Wealthy and free
For 15 years, the Wall Street Journal and the Heritage Foundation have been measuring countries’ commitment to a free economy under the rule of law in the Index of Economic Freedom.
The 2009 Index, published this week, provides strong evidence that the countries that maintain the freest economies do the best job of promoting prosperity for all citizens.
The positive correlation between economic freedom and national income is confirmed yet again by this year’s data. The freest countries enjoy per capita incomes over 10 times higher than those in countries ranked as “repressed.” This year, for the first time, the Index also correlates economic freedom with important societal values like poverty reduction, human development, political freedom and environmental protection. The linkages are robust, with economically freer countries performing significantly better on every indicator of well-being.
1. Hong Kong
5. New Zealand
6. United States
10. United Kingdom
Six of the top seven countries were established by Brits. Ireland loves and protects many originally British legal protections, such as trial by jury.
In the last year, Australia has edged out Ireland, and New Zealand has edged out the US, which has slipped in the ratings.
The Wall Street Journal and Heritage Foundation persist in calling free economies "free-market capitalism". Here is the reason we don't -
Capitalism is an inadequate and counter-productive name for a free economy. It is inadquate because it suggests that an economy is only about capital when it is about so much more. A free economy is about people like you freely and openly creating, inventing, producing, marketing, buying, selling, trading and investing within a framework of fair laws and voluntary cooperation. It is about dreams and hard work and team work and imagination.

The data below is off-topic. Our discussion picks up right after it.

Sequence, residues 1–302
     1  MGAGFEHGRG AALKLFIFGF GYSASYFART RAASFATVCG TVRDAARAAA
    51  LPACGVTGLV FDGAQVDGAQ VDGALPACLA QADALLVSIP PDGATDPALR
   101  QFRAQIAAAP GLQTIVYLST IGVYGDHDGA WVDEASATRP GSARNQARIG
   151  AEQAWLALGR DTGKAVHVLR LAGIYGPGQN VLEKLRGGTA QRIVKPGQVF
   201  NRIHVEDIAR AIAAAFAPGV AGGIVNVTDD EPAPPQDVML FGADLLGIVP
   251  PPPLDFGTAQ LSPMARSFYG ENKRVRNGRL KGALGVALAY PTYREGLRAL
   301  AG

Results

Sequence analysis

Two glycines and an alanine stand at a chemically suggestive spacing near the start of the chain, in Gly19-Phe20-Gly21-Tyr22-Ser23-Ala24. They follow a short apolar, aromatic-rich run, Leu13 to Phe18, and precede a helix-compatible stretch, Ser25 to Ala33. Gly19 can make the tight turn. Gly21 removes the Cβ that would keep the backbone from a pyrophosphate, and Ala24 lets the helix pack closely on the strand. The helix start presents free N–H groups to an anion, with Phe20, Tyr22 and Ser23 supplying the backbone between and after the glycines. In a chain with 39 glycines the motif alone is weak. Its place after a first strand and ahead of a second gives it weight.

And as Walter E Williams wrote, it is relatively new in human history. Prior to it, "the way people amassed great wealth was by looting, plundering and enslaving their fellow man".
Capital is part of a free economy, but only part. Why give poor, befuddled Marx a helping hand by using his terminology? Adam Smith described the free economy without ever using the word capitalism.
Troubled as the free economy can be, it is far better than the government-controlled economies I saw behind the Iron Curtain. There I found, in Churchill's words, that "the inherent vice of Socialism is the equal distribution of misery". And by misery, I really mean misery.
Adam Smith identified the things that would hurt us and our economy - among them monopolies, tariffs, high taxes and lack of ethics. He told us what a free economy needed. Vitally, a free economy needs accurate information. No one, including people in business, can make a good decision without accurate information.
Recently, accurate information, such as the real worth of subprime mortgages, has been completely missing. Odd, that.
How well we live can also be measured by our intangible wealth.